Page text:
The evolutionary origins of Southeast Asian Ovalocytosis

A. M. Paquette, A. Harahap, V. Laosombat, J. M. Patnode, A. Satyagraha, H. Sudoyo, M. K. Thompson, N. M. Yusoff, J. A. Wilder

Research output: Contribution to journalArticlepeer-review

12 Scopus citations


Southeast Asian Ovalocytosis (SAO) is a common red blood cell disorder that is maintained as a balanced polymorphism in human populations. In individuals heterozygous for the SAO-causing mutation there are minimal detrimental effects and well-documented protection from severe malaria caused by Plasmodium vivax and Plasmodium falciparum; however, the SAO-causing mutation is fully lethal in utero when homozygous. The present-day high frequency of SAO in Island Southeast Asia indicates the trait is maintained by strong heterozygote advantage. Our study elucidates the evolutionary origin of SAO by characterizing DNA sequence variation in a 9.5. kilobase region surrounding the causal mutation in the SLC4A1 gene. We find substantial haplotype diversity among SAO chromosomes and estimate the age of the trait to be approximately 10,005. years (95% CI: 4930-23,200. years). This date is far older than any other human malaria-resistance trait examined previously in Southeast Asia, and considerably pre-dates the widespread adoption of agriculture associated with the spread of speakers of Austronesian languages some 4000. years ago. Using a genealogy-based method we find no evidence of historical positive selection acting on SAO (s=0.0, 95% CI: 0.0-0.03), in sharp contrast to the strong present-day selection coefficient (e.g., 0.09) estimated from the frequency of this recessively lethal trait. This discrepancy may be due to a recent increase in malaria-driven selection pressure following the spread of agriculture, with SAO targeted as a standing variant by positive selection in malarial populations.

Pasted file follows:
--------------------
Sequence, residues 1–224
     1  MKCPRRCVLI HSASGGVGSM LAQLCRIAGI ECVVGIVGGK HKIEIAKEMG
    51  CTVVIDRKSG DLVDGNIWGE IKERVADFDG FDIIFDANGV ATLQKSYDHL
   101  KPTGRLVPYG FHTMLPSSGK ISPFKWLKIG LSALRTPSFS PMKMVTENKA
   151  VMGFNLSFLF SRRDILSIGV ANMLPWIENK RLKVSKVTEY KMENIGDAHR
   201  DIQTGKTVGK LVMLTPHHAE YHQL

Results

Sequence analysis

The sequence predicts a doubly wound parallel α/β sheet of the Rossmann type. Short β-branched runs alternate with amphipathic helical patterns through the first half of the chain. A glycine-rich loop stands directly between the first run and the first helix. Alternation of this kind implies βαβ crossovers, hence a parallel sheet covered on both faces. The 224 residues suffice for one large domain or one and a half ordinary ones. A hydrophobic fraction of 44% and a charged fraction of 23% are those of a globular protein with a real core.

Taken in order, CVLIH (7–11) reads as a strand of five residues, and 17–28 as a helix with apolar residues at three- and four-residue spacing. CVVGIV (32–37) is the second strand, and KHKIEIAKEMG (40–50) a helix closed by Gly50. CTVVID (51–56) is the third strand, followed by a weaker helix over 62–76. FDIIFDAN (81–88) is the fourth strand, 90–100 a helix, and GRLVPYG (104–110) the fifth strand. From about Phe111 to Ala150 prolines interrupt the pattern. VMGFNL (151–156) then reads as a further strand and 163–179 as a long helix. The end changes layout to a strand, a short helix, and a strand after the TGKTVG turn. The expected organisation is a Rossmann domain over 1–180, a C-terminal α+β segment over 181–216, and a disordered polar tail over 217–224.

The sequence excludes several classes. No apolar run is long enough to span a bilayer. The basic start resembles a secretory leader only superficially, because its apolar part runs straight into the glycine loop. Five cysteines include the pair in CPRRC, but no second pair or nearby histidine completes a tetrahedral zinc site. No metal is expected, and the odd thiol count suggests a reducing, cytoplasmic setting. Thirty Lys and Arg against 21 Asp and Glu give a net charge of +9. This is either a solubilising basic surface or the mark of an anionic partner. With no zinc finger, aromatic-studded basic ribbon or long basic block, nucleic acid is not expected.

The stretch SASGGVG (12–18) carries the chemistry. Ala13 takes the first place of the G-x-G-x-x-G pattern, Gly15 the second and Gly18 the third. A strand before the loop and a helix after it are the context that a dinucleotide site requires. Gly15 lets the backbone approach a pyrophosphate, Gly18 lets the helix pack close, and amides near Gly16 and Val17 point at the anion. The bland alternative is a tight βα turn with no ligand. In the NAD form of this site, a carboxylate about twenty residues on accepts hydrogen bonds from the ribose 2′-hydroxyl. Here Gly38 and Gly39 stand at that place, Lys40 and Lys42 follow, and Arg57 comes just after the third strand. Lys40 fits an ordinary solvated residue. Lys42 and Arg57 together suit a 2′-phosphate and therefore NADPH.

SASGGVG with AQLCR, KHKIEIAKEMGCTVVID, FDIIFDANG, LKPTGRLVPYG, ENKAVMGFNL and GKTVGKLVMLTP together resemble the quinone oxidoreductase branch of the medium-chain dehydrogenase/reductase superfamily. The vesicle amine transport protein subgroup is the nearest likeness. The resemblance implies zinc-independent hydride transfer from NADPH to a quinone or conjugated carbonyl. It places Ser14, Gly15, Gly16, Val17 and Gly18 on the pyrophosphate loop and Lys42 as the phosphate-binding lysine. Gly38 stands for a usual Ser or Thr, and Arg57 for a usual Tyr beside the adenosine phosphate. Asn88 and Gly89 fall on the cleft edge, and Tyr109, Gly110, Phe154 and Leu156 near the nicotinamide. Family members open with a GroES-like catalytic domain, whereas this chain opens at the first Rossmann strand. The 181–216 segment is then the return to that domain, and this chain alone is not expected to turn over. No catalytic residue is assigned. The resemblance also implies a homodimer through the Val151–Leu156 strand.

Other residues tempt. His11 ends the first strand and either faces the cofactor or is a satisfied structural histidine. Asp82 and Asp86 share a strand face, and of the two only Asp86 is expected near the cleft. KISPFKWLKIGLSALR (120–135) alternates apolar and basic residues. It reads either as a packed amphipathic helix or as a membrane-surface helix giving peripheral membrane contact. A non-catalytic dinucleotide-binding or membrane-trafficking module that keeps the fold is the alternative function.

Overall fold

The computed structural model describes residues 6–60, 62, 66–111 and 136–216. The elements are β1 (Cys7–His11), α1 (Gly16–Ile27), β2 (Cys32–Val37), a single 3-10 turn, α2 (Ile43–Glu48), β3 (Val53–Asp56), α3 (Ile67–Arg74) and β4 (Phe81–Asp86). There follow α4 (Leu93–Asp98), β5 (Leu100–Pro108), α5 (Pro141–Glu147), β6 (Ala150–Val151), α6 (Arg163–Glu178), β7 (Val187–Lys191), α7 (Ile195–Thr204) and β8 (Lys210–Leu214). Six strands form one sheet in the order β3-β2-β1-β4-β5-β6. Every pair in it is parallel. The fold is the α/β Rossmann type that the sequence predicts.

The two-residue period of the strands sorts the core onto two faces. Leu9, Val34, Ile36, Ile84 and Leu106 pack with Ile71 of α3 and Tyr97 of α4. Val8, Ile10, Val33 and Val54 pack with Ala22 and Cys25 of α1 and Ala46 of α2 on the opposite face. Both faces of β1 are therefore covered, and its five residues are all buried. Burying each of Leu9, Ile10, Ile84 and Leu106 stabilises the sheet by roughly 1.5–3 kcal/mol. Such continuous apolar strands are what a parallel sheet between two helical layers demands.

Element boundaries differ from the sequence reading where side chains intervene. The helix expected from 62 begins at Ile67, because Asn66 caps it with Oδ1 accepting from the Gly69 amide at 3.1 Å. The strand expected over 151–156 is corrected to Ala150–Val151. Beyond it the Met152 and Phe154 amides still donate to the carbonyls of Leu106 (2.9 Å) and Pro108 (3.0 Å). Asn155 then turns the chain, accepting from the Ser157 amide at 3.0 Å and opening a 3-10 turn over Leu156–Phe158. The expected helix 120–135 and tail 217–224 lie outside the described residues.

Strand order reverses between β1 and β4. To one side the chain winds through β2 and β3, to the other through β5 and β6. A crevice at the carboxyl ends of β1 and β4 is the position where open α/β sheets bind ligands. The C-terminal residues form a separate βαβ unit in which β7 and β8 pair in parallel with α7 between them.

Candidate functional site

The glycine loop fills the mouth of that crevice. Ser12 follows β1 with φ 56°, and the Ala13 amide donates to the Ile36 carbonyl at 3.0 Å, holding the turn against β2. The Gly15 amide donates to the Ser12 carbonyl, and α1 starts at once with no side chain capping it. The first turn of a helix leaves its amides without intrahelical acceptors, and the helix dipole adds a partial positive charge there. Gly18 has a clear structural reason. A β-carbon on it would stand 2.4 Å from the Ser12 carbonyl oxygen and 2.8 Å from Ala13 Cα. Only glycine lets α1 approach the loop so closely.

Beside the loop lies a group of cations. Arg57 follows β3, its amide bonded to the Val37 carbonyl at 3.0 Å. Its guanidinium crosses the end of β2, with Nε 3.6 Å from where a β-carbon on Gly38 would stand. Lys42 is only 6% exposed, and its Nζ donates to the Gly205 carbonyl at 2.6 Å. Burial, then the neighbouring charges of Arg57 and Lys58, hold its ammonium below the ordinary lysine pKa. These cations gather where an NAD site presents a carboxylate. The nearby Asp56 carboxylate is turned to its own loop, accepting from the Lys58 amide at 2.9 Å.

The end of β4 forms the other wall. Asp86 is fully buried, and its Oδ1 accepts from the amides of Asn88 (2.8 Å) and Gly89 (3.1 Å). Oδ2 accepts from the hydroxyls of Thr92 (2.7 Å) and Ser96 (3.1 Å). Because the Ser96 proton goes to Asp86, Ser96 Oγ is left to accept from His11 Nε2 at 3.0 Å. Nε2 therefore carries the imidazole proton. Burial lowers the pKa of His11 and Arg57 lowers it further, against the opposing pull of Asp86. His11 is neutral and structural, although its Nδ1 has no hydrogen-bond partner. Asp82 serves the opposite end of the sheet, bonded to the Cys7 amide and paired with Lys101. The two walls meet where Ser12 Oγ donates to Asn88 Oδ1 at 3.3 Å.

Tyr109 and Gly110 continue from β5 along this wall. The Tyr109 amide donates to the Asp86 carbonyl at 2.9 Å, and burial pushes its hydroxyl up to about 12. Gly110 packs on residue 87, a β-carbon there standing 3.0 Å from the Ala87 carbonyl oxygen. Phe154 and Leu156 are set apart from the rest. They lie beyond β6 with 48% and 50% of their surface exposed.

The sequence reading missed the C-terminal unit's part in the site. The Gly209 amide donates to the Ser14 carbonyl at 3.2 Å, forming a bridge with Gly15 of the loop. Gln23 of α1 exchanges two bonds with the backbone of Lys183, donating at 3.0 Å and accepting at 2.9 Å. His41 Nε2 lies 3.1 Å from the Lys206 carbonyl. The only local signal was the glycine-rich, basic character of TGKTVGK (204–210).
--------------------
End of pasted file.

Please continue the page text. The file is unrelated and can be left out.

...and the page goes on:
Original languageEnglish (US)
Pages (from-to)153-159
Number of pages7
JournalInfection, Genetics and Evolution
StatePublished - Aug 1 2015


  • Malaria
  • Ovalocytosis
  • SLC4A1
  • Soft sweep

ASJC Scopus subject areas

  • Microbiology
  • Ecology, Evolution, Behavior and Systematics
  • Molecular Biology
  • Genetics
  • Microbiology (medical)
  • Infectious Diseases


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